Spring 2018 eNewsletter
“CIGLR Minute” Video Series
CIGLR’s video campaign called the “CIGLR Minute” features our institute’s scientists, projects and partners. Short video segments include highlights of our research, as well as our outreach and engagement throughout the Great Lakes region.
March Minute: Christine Kitchens
Christine Kitchens is an Aquatic Ecology Research Technician assisting with harmful algal bloom monitoring in western Lake Erie and Saginaw Bay, Lake Huron. She began her work as a graduate student with CIGLR Research Scientist Dr. Thomas Johengen investigating the abundance and vitality of winter Microcystis populations in Lake Erie. Christine holds a Master’s degree in Conservation Ecology from the University of Michigan School of Natural Resources and Environment (now the School for Environment and Sustainability).
April Minute: Asian Carp Research
Invasive species are perhaps the greatest stressor currently facing the Great Lakes aquatic ecosystem. Some of them, like the Asian carps, have been identified as potential invasive species. Asian carp are highly abundant in the Illinois River and have been captured 47 miles away from Lake Michigan. They threaten to invade the Great Lakes and disrupt aquatic food webs and fisheries through their voracious consumption of large volumes of plankton. CIGLR has produced models for Lake Erie that show if Asian carps were to invade, they would dominate the fish community and seriously devalue the vital recreational and commercial fisheries present there. Currently, Dr. Hongyan Zhang, Peter Alsip (University of Michigan graduate student) and colleagues are working to develop similar ecosystem models to assess the Asian carp threat in the other Great Lakes and their embayments.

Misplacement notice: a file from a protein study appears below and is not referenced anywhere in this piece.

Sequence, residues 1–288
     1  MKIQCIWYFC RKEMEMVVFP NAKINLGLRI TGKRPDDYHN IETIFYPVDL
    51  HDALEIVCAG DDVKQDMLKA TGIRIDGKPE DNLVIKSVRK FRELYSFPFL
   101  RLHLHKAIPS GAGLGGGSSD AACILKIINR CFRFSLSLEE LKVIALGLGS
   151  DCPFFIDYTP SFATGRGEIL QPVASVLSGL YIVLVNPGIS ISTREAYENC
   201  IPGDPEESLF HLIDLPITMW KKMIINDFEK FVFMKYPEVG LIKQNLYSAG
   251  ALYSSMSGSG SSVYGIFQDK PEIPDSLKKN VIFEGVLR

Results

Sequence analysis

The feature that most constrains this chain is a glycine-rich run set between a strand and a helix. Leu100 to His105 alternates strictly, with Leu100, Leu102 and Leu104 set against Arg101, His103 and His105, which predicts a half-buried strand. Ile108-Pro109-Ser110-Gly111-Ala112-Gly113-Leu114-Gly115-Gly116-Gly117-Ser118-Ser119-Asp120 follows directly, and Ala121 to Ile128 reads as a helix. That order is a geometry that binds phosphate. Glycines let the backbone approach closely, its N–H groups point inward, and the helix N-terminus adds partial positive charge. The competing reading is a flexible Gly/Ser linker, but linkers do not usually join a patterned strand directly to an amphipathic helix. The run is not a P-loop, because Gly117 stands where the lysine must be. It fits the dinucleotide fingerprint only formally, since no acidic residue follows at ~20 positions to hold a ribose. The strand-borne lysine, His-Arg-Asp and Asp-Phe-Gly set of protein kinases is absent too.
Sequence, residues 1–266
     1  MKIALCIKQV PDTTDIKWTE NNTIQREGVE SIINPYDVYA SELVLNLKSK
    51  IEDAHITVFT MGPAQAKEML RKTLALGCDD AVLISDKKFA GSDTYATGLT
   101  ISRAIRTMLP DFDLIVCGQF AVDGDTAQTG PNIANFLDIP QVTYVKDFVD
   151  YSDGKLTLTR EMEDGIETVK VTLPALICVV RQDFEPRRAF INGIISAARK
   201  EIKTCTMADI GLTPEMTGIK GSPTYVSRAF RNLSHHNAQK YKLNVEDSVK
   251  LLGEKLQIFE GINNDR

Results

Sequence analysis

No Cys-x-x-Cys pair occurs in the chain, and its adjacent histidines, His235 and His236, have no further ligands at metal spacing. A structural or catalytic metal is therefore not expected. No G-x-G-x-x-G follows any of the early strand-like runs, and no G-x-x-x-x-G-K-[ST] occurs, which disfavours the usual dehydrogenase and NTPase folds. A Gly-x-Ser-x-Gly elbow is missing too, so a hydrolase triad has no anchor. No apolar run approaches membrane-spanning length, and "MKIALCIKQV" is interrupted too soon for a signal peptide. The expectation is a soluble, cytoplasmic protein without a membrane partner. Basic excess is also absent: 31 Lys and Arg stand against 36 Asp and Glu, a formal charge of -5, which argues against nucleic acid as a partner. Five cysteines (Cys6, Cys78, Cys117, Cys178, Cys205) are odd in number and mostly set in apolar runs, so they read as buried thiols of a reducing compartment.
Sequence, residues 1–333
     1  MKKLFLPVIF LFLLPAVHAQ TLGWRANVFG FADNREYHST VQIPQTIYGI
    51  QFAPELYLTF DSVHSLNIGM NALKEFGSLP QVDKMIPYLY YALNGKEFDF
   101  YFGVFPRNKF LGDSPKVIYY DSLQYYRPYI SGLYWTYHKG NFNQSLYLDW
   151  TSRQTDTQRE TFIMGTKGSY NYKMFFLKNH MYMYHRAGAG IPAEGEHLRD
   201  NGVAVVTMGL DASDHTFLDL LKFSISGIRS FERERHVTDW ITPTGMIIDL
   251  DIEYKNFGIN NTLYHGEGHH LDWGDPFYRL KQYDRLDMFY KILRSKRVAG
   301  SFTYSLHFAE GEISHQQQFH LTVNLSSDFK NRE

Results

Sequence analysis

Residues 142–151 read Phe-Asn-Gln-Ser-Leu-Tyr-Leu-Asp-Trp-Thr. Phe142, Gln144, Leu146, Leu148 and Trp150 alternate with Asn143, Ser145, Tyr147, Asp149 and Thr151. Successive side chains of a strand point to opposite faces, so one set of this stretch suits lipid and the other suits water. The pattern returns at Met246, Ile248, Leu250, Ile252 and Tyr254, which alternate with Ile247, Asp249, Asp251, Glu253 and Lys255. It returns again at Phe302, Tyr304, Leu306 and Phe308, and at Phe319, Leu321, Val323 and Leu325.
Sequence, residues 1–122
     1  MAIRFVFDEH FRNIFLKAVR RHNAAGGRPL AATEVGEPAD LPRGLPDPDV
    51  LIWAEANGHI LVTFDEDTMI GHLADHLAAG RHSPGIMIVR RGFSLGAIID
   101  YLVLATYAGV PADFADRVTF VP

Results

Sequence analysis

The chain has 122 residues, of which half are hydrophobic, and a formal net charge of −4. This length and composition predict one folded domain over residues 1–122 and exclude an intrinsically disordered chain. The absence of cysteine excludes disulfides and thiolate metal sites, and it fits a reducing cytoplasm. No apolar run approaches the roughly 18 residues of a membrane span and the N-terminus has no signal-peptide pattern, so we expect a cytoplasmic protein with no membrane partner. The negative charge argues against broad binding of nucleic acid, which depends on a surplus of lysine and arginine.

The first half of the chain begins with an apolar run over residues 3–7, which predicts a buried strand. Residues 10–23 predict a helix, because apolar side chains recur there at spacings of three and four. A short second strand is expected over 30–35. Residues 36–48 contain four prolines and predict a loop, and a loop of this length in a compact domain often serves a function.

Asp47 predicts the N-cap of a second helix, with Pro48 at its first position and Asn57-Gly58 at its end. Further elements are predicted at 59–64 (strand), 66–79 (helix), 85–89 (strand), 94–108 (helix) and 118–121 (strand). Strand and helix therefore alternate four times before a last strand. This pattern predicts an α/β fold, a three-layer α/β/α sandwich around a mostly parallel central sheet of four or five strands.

May Minute: Deanna Fyffe
Deanna Fyffe is an Aquatic Ecology Research Technician working alongside CIGLR Research Scientist Dr. Thomas Johengen. Deanna started at CIGLR as a 2017 Great Lakes Summer Fellow and has since transitioned to working full-time on projects related to Lake Erie harmful algal blooms. She holds a Master’s degree in Environmental Science from Miami University in Ohio.